Her involvement with sports also helped her develop the idea for her pitch. "I wanted it to be emotional, like whether you played sports or not you can feel what it's like to be in this huge moment," Cipolla said.
You can hear Cipolla pitch her idea at www.nfl.com/superad/vote/, Cipolla is number 11.
Cipolla learned about the Super Bowl marketing contest while on the NFL's Web site checking Chicago Bears scores for her husband, Tony. She said she felt the opportunity couldn't be missed, and she began working on her pitch.
Cipolla who has an MBA from Union College, met with her professor, John Huppertz, who helped her develop the idea.
Huppertz said he was surprised that Cipolla wanted to be involved in the contest.
"I thought it was a long shot. The contest was so 'American Idol'-like with hundreds of thousands of contestants, but Nikki's got a lot of confidence, and she knows what she's doing. She's got a real feel for this stuff," he said.
Huppertz said once he heard Cipolla's idea, he knew she had something.
"Most of the other contestants are relying on humor, Nikki's idea is different because it's emotional. She relies on her past experiences, and that's helped her," he said.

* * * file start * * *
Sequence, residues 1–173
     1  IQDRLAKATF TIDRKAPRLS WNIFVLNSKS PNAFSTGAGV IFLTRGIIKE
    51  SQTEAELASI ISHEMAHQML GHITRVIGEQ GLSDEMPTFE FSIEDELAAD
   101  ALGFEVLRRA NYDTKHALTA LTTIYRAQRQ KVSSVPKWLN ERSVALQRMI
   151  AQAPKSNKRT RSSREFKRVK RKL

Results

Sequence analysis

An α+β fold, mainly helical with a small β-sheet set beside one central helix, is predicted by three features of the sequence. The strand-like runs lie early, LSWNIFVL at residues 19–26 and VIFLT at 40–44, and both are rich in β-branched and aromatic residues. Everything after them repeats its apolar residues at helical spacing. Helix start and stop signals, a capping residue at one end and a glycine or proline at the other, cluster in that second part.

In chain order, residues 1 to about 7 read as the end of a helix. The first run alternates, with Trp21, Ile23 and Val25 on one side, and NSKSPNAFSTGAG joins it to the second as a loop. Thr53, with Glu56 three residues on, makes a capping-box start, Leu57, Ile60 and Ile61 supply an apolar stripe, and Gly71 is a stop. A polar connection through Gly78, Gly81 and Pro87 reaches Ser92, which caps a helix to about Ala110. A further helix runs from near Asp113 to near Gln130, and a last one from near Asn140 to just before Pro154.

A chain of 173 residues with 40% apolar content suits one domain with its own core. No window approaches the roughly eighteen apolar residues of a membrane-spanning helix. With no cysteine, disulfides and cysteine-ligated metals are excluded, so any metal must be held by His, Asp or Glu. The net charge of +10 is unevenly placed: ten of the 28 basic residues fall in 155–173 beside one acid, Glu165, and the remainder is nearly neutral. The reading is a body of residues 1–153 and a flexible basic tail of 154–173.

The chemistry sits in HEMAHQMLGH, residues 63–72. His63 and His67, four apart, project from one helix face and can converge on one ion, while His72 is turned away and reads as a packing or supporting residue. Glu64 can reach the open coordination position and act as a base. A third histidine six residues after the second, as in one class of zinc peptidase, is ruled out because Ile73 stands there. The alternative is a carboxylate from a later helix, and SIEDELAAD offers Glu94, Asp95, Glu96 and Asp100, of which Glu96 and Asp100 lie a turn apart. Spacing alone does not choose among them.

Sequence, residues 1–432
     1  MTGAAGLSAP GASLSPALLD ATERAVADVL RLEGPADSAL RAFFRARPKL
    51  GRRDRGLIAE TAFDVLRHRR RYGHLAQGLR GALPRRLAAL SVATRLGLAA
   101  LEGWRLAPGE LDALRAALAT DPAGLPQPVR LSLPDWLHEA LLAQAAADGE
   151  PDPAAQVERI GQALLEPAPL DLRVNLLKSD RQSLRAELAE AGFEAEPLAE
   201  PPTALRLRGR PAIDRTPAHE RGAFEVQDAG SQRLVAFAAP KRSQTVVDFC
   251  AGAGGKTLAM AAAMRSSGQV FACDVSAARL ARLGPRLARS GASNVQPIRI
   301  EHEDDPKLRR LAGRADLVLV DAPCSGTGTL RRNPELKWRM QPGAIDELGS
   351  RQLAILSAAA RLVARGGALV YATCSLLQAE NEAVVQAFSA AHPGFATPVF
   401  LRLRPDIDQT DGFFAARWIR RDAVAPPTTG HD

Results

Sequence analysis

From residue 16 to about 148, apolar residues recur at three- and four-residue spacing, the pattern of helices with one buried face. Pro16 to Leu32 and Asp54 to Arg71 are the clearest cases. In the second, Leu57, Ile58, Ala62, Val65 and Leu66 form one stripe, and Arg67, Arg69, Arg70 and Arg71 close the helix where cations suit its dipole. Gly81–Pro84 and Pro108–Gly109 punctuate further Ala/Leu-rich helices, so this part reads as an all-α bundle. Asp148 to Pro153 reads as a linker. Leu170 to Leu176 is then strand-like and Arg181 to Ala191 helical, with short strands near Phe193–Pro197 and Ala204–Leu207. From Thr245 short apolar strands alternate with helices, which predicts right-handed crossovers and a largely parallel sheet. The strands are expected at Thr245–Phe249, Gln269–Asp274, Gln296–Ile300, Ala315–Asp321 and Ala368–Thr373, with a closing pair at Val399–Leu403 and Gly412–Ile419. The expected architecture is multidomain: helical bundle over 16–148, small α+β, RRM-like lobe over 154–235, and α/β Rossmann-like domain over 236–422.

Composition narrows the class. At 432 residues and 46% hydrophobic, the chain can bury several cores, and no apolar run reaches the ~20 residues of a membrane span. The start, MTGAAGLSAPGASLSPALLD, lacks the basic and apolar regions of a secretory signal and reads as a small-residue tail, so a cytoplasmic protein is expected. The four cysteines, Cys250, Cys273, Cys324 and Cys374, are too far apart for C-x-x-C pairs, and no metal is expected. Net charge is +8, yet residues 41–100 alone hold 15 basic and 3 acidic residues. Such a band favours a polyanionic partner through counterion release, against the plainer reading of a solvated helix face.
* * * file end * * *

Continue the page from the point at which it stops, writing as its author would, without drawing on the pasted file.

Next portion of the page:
Huppertz said he believes that humorous ads are hard to execute. "Nikki taps into a genuine emotion that pros, amateurs and wannabes can relate to."
If she wins the contest, Cipolla will get to travel to Los Angeles for the filming of the ad, then attend the Super Bowl when her commercial will run on television. Cipolla hopes, if nothing else, being a finalist will get her some exposure.
"I am a dedicated, hard worker, and I have a passion for this stuff. It would be amazing for other people to see that in me," she said.
You can vote for Cipolla on the NFL's Web site. Online voting through Jan. 7 will determine 30 percent of a contestant's score.